","articleThumbnail": {"thumbnailUrl":"/webimage/1.4844592.1544887622!/image/image.jpg_gen/derivatives/landscape_170/image.jpg","thumbnailWidth":170,"thumbnailHeight":"auto","imageAlt": "UK Chancellor Philip Hammond's generosity will benefit Scots through the Block Grant. Picture: Getty Images"} ,"articleBody": "

A quiet period ahead, then? No. Finance Minister Derek Mackay may have struggled for attention amid the deepening roar of the Brexit crisis and feverish speculation that a general election may not now be far off. And if there is anything more likely to impact even harder on business and household confidence, it is the prospect of a bitter and divisive political battle – and the prospect of a Jeremy Corbyn Labour government emerging from the carnage.

But there is something else that could overwhelm this modest budget package. For there is every sign that the UK political crisis is masking an economic one. Reassuring though the mildly more positive SFC forecasts may be, they could be blown off course by a gathering international slowdown, with talk of recession across both the US and the Eurozone. In a widespread world trade and investment downturn, Scotland would not be immune, particularly as that SFC forecast of higher near-term growth does not stem from an underlying improvement in our economic performance.

There is little that gives cheer in the SFC’s analysis. It is looking out on an economy that has barely any spring in its step. Average annual GDP growth since 2010 has been around one per cent, below the rate of GDP growth in earlier decades. Set in this context, its latest forecasts of 1.4 per cent growth his year, and 1.2 per cent next, while higher than its forecasts of a year ago, can hardly be hailed as a break-out from this low-growth performance. Indeed, it goes on to state that, even if we avoid a “hard” Brexit, it does not expect this stronger growth to be sustained beyond next year. It says growth will be subdued in the longer term, averaging just over one per cent over the next five years. This, it explains, is primarily the result of slow productivity growth that has been declining in Scotland since the early 2000s.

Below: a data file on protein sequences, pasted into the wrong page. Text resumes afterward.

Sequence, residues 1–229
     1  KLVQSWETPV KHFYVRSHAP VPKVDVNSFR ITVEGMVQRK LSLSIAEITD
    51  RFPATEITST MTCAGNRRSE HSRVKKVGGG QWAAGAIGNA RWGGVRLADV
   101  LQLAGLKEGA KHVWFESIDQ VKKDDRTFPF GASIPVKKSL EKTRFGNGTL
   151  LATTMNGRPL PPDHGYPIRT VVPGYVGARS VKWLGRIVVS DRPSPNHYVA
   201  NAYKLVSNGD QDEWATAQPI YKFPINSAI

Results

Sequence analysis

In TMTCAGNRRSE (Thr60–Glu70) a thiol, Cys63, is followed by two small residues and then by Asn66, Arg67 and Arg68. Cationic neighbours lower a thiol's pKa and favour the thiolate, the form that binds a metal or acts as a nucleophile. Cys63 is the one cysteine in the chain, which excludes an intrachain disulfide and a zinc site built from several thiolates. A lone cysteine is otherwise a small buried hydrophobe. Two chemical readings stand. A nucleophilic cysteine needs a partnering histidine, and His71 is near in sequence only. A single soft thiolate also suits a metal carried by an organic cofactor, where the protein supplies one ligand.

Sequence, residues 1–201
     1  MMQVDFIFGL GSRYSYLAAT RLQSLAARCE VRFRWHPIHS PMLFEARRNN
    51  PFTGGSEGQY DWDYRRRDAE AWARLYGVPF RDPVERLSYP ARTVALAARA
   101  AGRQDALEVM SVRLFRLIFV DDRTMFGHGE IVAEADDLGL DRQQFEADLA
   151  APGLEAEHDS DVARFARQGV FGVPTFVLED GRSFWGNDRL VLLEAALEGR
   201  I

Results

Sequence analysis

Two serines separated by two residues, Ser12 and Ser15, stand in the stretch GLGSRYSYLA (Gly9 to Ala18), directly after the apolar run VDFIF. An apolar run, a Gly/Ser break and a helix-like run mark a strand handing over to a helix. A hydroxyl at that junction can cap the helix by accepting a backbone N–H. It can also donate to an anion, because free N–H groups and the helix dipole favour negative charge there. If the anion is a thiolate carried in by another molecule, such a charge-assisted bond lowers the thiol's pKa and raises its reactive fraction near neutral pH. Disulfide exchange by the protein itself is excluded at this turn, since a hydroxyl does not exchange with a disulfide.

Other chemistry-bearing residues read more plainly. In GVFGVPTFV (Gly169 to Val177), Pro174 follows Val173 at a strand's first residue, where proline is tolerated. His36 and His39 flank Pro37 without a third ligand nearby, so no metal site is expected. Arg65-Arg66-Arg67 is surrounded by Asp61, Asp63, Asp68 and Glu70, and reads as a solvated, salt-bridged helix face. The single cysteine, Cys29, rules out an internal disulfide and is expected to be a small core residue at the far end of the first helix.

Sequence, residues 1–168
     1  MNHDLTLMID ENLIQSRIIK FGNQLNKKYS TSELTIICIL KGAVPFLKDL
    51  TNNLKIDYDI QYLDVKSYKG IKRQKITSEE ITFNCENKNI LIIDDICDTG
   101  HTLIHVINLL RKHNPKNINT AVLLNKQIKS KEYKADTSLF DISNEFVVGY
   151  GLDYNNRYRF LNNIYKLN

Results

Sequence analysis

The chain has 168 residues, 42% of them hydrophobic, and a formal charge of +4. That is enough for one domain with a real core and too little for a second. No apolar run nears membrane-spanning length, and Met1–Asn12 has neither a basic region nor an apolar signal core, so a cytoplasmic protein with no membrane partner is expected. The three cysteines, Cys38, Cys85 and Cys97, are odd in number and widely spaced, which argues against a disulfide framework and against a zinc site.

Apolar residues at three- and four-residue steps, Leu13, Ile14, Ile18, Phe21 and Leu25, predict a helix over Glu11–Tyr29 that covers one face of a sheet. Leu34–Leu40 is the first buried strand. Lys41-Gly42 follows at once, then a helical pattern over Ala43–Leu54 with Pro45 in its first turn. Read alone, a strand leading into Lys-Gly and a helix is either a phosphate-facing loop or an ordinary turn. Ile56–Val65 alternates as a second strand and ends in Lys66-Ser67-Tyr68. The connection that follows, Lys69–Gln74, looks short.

As if this in itself was not dispiriting enough, the reasons cited for the upgrading of its earlier forecasts are of equal concern.

That stronger than expected growth is the result of two developments. One is traced to the release of the new data and revisions to past GDP data – that is, an uplift that owes much to statistical corrections. One should not deny the statisticians their improved spectacles – and the brighter light they bring.

The second reason cited is that government expenditure in Scotland “is expected to grow significantly faster than we had previously forecast”. This has been driven primarily by increases in UK government spending in its budget in October. These increases, passed on to Scotland via the Block Grant, “also increases the budget for the Scottish government. We expect this,” says the SFC, “to support higher GDP growth over the next five years.”

The SNP administration would be most unlikely to advance this interpretation. Its line is that Scotland is still groaning under the yoke of Westminster austerity. But whichever side on this you take, there is a more troubling implication beneath: that what improvement in growth we may be enjoying is due to higher government spending, however it is disbursed, and productivity need not bother us much – just so long as that spending keeps growing.

But that leads us directly into trouble. Keep stoking the money furnaces of public expenditure and the economy – or more precisely those statistical measurements – will appear to glow with health. This is uncomfortably close to the model espoused for decades in state-dominated economies: the more the state directs and spends, the healthier and more prosperous the people – until, that is, the people, stripped of the ability to make their own choices, can stand it no longer.

For government expenditure to increase as this model requires, the greater the amount that the state must borrow, or the higher that tax revenues must be driven.